Ben Oliver

Banner image for Nocturnal Animals

Nocturnal Animals

I left him in the most brutal way possible.
17 November 2016

An art dealer (Amy Adams) receives a book written by her ex-husband of 20 years (Jake Gyllenhaal), dedicated to her and named after her. As she reads it she becomes more and more engulfed in the story.

This is Tom Ford’s second film after the stylish but somewhat vapid A Single Man, and from the first few minutes of Nocturnal Animals it seems like we’re in for a similar ride. Not so. Adams’ character is indeed stuck in the pristine world of the L.A. art scene but Ford spends most of his time telling the story of the book she receives, about a kidnapping in Texas.

It’s harrowing stuff. Gyllenhaal (in her mind her ex-husband is the protagonist) is a father taking his wife (the Amy Adams-a-like Isla Fisher) and kid on holiday across Texas. At night in the car they get run off the road by some thugs (lead by Aaron Taylor-Johnson), who take the woman and child. A local detective (Michael Shannon) gets involved in enacting revenge on the perpetrators.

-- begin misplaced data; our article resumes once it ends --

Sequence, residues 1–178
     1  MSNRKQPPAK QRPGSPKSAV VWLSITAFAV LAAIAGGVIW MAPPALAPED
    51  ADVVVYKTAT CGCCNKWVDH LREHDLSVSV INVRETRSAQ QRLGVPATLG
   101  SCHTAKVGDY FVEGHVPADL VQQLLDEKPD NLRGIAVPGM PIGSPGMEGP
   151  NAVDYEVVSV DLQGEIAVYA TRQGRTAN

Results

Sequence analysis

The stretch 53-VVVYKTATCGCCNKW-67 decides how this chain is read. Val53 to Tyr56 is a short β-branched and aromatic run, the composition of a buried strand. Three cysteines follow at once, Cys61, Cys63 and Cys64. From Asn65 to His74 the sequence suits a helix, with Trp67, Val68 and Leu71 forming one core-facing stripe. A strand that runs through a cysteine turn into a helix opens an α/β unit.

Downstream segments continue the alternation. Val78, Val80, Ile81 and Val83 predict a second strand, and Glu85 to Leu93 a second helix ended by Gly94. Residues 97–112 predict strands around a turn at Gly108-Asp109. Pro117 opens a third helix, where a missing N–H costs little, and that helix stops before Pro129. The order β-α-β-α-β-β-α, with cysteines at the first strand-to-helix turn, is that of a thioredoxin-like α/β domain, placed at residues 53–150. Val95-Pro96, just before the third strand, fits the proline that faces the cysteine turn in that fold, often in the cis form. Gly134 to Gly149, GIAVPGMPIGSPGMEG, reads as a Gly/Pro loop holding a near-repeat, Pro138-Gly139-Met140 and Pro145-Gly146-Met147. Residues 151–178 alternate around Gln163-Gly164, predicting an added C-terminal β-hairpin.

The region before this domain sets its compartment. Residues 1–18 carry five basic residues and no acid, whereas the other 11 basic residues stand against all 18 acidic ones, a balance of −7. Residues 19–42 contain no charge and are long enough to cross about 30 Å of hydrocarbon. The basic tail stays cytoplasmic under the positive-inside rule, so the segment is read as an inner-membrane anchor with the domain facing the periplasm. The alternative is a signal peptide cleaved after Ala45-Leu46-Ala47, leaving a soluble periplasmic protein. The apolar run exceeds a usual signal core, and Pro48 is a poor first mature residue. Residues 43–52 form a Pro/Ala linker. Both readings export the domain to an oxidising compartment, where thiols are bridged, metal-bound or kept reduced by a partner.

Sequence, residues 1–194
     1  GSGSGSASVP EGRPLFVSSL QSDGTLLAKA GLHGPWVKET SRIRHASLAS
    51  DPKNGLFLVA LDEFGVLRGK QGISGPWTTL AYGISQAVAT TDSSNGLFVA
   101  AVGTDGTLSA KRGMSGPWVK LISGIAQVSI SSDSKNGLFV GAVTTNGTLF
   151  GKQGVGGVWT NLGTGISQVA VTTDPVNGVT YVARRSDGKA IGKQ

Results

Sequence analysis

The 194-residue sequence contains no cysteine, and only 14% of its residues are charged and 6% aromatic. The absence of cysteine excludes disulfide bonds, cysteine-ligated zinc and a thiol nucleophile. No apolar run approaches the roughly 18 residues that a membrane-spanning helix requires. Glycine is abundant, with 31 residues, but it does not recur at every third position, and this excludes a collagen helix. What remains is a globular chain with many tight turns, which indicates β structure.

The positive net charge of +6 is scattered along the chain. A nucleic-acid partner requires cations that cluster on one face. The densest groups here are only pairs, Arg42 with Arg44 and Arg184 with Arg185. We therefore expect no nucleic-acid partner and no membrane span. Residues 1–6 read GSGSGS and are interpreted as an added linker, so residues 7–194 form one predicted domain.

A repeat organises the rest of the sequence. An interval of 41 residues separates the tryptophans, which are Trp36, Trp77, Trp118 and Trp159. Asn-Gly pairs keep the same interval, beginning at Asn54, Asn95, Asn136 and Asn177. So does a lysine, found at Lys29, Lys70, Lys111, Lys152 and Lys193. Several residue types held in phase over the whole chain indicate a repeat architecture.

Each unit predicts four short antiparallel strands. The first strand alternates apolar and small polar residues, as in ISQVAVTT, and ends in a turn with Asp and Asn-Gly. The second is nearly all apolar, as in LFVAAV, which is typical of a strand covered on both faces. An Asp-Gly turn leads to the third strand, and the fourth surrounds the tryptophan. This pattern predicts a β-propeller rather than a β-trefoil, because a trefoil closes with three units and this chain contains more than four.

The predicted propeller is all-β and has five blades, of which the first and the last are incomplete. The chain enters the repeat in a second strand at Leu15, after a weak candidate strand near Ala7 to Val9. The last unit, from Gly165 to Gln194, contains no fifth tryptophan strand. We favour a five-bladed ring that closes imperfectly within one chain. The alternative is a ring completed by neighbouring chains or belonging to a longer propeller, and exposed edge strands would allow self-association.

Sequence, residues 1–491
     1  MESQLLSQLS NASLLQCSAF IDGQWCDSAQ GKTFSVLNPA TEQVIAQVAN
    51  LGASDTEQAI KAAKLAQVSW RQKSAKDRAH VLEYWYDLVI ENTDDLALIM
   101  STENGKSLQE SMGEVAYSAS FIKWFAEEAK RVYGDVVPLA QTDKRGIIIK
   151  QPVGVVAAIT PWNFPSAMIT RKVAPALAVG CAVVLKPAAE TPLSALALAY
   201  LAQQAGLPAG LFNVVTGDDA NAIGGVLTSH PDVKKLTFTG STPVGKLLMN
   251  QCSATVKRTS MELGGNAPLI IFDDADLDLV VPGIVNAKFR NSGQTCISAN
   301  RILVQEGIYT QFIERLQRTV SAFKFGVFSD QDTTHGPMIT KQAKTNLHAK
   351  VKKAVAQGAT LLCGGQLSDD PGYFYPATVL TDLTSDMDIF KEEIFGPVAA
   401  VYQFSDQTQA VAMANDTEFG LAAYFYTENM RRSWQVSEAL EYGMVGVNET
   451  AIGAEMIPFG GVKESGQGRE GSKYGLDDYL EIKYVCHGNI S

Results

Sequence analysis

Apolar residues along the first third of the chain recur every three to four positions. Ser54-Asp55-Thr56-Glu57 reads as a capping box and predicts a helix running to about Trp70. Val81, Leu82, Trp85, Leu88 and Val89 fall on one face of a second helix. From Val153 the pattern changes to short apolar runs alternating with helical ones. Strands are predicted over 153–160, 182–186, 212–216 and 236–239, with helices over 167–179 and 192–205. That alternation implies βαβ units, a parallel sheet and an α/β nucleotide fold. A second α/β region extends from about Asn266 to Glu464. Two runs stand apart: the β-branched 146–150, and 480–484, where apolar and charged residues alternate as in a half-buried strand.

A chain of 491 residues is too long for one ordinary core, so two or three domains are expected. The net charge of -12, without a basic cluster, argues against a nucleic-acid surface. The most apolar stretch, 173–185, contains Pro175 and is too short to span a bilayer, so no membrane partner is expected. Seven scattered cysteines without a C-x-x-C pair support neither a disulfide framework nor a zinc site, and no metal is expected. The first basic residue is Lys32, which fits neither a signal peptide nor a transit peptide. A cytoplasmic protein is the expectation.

The idea that someone could write a novel so hurtful to the reader that it destroys them is perhaps laughable, yet Nocturnal Animals makes it work. The duel narrative almost acts as a showcase for the power of storytelling - we feel for characters that don’t bear any relation to the main plot or protagonist.

This is a beautiful yet biting revenge thriller from Ford. The unique structure of the story is bolstered by some stellar performances, careful direction and pitch perfect sound design. A gripping tale definitely worthy of your time.